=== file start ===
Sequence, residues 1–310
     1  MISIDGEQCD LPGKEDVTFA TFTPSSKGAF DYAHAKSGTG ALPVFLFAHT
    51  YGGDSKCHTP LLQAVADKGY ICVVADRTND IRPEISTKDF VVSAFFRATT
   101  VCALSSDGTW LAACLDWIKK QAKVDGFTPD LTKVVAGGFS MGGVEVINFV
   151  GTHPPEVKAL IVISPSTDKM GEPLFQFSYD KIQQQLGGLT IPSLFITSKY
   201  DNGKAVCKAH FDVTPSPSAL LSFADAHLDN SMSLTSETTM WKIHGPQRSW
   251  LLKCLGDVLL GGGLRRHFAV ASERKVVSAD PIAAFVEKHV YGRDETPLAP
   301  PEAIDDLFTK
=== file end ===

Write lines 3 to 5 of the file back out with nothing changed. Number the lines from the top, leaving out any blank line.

    51  YGGDSKCHTP LLQAVADKGY ICVVADRTND IRPEISTKDF VVSAFFRATT
   101  VCALSSDGTW LAACLDWIKK QAKVDGFTPD LTKVVAGGFS MGGVEVINFV
   151  GTHPPEVKAL IVISPSTDKM GEPLFQFSYD KIQQQLGGLT IPSLFITSKY